Dealing With The Credit Crisis

By | May 1, 2008 | Via Satellite

There has been plenty of gloom in the first months of 2008 stemming from the credit crisis born of the subprime mortgage meltdown and the end of easy and cheap debt financing that underpinned the highly leveraged private equity transactions that transformed the satellite sector starting in 2003. Nevertheless, a series of satellite industry transaction closings has demonstrated that the sector remains vital, is outperforming the transactional market, and that smarter and more patient dealmakers know that a new set of financial market conditions offers new opportunities.
When the credit crunch began last summer, many print and electronic media commentators asserted this meant the end of highly leveraged buyouts, the unavailability of debt financing — especially of low interest debt, the end of so-called “covenant-light” debt packages and the demise of payment-in-kind, or PIK notes. While those trends are broadly true, they are counterbalanced by other capital markets and trade movements.
For one, the U.S. Federal Reserve Bank, the country’s central bank and monetary policy maker, has embarked on what is likely to be a series of interest rate cuts that should loosen the availability of debt finance for a flight to quality. In other words, while easy credit for doubtful business plans may be harder to obtain, the capital on the sidelines will be all the more available for companies and business plans with traditional debt-to-equity ratios, financial covenants, debt service and guarantors.
Also, interest rate cuts weaken the already weak dollar. This is terrible news for U.S. tourists but good news for satellite industry exporters, whose prices are flattered compared to the euro, pound sterling and yen and whose products are therefore more competitive than non-U.S. manufactured products and services, whose costs are incurred and prices set in those currencies. This column previously has noted that the weakening dollar of the last few years has helped offset what would otherwise be a more obvious regulatory burden and competitive disadvantage imposed by the International Traffic in Arms Regulations of the U.S. State Department, the Sarbanes-Oxley Act of 2002 and other U.S. legislative and regulatory barriers.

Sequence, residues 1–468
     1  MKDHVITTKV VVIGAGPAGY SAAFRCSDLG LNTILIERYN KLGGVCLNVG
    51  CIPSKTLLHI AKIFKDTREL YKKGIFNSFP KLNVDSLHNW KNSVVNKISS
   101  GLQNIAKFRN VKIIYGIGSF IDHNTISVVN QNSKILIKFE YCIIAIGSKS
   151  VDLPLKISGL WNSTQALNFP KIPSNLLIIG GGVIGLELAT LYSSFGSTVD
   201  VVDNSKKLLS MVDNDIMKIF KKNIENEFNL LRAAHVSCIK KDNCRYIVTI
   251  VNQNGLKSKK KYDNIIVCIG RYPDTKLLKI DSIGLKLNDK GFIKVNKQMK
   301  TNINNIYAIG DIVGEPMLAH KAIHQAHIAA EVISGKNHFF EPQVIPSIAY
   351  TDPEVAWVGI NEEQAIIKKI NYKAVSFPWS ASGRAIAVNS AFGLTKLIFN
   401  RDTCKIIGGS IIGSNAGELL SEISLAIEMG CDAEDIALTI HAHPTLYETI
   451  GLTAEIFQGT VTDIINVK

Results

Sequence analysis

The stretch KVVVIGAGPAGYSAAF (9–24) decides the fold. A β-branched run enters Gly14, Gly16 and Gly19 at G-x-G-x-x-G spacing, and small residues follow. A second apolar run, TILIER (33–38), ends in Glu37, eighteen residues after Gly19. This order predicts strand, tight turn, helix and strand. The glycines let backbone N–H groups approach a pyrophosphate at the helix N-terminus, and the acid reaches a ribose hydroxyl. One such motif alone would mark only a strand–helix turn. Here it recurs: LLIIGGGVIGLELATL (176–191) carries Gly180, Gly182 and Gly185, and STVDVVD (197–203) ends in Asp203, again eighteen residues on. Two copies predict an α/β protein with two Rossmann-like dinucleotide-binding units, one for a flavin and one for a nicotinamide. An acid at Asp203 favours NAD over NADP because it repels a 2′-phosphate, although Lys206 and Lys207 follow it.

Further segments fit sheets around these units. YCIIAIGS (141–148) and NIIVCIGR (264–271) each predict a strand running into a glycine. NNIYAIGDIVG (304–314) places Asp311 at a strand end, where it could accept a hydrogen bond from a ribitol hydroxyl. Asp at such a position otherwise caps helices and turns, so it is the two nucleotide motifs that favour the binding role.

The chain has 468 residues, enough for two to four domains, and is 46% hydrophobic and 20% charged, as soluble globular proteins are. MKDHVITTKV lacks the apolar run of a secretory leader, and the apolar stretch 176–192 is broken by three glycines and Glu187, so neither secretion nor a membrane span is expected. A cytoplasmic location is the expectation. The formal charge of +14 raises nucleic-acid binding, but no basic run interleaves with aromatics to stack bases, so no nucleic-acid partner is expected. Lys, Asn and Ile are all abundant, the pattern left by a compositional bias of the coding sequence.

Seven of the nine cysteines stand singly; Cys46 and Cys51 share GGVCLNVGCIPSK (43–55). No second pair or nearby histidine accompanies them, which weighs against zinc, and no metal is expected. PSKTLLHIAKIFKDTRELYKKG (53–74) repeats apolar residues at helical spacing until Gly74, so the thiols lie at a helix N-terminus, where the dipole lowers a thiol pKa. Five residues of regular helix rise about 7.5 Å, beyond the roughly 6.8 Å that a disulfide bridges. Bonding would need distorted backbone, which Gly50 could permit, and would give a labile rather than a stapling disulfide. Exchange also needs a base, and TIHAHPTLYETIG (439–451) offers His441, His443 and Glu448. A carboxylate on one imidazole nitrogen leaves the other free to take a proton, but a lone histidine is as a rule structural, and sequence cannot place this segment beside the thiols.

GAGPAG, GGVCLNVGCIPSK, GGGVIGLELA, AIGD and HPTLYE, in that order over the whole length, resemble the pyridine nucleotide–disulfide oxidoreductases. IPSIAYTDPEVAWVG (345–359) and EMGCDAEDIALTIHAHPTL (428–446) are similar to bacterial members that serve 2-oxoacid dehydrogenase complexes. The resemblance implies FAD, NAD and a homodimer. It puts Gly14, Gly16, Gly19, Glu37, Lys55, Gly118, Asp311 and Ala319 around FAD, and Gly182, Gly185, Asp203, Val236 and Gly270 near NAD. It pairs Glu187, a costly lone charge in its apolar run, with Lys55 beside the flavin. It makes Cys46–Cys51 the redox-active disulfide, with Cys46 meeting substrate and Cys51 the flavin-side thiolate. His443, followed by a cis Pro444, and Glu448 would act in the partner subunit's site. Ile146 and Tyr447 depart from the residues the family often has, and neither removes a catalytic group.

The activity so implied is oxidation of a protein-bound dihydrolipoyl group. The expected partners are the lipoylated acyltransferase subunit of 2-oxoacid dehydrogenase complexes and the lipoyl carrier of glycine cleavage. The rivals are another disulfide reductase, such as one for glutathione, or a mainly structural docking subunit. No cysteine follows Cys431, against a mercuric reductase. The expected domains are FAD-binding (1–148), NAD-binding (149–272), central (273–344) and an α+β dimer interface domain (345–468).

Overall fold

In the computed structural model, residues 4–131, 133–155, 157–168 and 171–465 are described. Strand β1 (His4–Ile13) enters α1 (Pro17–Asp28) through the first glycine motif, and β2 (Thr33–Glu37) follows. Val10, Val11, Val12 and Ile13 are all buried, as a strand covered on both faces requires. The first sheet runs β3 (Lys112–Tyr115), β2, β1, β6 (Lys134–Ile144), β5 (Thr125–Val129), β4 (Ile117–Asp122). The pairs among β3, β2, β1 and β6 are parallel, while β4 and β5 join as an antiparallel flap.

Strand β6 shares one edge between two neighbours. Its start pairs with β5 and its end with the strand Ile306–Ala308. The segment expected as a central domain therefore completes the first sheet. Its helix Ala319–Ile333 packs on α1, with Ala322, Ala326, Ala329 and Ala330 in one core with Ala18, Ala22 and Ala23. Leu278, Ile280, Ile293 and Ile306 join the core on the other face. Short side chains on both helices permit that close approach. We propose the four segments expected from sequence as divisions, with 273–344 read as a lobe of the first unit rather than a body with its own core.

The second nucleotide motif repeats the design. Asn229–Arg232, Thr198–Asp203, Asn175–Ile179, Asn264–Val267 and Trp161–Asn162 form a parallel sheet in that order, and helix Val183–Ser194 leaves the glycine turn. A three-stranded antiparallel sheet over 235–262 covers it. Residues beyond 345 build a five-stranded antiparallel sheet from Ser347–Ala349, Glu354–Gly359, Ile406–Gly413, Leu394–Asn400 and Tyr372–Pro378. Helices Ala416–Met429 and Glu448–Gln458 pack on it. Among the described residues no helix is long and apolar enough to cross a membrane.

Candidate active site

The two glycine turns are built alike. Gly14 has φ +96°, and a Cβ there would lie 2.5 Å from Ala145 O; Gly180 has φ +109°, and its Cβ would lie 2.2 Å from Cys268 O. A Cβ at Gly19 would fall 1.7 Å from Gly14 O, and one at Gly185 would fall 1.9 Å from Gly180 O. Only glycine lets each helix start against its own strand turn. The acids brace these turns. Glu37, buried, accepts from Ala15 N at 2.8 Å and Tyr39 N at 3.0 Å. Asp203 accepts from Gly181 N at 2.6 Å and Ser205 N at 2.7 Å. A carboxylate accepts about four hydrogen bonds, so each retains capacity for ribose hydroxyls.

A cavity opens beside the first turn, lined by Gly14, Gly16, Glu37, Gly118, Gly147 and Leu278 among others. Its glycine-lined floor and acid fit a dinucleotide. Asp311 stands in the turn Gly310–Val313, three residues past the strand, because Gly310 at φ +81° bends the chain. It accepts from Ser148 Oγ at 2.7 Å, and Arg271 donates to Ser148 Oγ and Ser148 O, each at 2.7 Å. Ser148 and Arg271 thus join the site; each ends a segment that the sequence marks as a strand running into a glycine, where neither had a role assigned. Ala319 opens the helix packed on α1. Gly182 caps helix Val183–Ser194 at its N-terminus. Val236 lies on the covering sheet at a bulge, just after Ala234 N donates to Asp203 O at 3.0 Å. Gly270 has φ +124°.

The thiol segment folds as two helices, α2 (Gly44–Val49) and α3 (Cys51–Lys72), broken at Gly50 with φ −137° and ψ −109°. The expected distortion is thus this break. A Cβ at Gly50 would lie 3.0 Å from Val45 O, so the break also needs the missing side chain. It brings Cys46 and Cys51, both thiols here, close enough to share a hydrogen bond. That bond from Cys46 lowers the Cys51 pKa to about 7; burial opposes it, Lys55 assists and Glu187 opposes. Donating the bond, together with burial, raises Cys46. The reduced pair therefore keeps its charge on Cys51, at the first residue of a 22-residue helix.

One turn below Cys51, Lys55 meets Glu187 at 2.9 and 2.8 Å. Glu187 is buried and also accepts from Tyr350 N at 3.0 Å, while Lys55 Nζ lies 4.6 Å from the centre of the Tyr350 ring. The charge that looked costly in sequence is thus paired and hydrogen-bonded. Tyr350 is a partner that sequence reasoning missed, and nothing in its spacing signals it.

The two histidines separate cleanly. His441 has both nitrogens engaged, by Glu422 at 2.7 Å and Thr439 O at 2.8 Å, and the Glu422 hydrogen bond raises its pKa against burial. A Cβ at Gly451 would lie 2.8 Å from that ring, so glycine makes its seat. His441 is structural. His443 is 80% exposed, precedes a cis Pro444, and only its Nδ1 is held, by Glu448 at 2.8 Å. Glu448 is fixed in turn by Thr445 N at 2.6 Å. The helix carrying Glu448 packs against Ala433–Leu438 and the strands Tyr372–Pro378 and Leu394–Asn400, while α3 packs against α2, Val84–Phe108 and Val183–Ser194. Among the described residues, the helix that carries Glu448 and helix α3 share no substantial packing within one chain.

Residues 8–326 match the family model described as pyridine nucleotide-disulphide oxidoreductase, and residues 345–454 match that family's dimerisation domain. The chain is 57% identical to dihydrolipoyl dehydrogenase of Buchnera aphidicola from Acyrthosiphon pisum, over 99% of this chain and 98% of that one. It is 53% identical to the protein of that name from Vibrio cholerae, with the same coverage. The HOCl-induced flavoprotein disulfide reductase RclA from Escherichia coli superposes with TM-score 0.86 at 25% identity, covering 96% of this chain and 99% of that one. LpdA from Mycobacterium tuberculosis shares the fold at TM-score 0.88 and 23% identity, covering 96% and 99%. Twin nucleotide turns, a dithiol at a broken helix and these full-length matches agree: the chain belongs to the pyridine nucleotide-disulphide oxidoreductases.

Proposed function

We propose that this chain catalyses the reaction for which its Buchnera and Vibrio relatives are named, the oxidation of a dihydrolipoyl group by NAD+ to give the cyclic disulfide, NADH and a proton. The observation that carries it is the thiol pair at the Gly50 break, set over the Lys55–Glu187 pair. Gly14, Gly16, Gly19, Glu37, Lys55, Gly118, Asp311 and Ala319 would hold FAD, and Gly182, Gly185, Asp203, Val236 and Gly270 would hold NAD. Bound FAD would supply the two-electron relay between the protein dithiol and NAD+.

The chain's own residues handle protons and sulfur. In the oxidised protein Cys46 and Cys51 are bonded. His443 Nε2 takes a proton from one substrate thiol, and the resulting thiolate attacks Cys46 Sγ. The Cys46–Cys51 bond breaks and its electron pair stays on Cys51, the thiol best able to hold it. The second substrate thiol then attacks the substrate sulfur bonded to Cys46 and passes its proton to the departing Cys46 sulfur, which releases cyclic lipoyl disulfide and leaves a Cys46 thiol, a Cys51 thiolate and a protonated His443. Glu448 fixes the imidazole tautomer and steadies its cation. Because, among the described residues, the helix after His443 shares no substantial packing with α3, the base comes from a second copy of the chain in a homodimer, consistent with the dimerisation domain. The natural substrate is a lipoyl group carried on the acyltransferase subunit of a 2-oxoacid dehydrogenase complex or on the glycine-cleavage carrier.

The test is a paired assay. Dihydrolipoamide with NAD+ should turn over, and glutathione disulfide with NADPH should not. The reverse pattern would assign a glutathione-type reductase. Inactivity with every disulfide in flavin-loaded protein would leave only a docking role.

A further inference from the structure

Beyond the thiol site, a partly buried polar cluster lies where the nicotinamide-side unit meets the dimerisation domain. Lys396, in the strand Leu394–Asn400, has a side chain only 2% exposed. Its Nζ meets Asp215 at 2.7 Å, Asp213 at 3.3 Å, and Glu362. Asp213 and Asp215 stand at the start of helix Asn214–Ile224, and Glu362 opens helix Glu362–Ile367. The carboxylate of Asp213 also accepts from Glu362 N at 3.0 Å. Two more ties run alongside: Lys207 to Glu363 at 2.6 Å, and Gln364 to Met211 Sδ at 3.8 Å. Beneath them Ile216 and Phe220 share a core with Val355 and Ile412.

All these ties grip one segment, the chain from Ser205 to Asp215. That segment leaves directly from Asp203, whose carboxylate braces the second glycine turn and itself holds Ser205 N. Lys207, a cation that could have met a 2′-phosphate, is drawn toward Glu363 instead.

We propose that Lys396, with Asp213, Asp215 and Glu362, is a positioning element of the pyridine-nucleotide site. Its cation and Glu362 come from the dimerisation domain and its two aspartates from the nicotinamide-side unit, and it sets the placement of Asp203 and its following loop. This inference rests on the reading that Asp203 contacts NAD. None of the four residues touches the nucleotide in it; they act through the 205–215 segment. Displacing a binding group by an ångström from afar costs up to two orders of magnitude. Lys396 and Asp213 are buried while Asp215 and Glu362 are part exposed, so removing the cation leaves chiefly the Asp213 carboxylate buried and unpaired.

Beyond those considerations, a close look at the economic data offers a mixed picture. As of this writing, at least, the March meltdown of investment banking firm Bear Stearns & Co. caused substantial capital markets volatility but not a sustained decline. The U.S. Federal Communications Commission’s 700 MHz auction closed and set records for spectrum licenses, arguably validating some of the spectrum-based valuations given to mobile satellite service (MSS) providers whose key assets are those licenses.
The MSS business plans themselves continue to develop in the face of market turmoil, with several of the players completing new financing rounds. The near pan-MSS sector investment by Harbinger Capital Partners is an interesting development for the satellite sector. Harbinger’s investment with Echostar Corp. of $300 million in MSS operator Terrestar and contribution of L-band spectrum indicates deals are getting done in the current climate — at least in this case — even with supposedly discredited PIK notes.
In the same time period, the Loral-Telesat and Intelsat-BC Partners transactions closed, continuing the consolidation of the fixed satellite service (FSS) sector. Both deals were committed before the credit crisis began, and therefore are not necessarily bellwethers of transactional viability in the new climate. But the pre-closing debt package revisions in the Intelsat deal were not extreme and may be further proof that quality transactions may not be harmed, and may even be facilitated, in a tighter credit market as investors more critically separate the wheat from the chaff.
In addition to demonstrations of FSS and MSS sector vitality, rapid service offering and technological developments are driving the broadband, Earth imaging and turnkey network solutions sectors. The exploration of the satellite broadband market and its fit, complement and competition points with terrestrial broadband service is going to be one of the main stories of the second half of this decade. On the manufacturing side, there have been several interesting transactions in the small-satellite and subsystems industries.
Throughout the rest of the year, this column is going to focus intermittently on several of these often-less-reported-upon subsectors.  The message: the credit market may be in turmoil, but this is not 2001-2002. The satellite sector is thriving.

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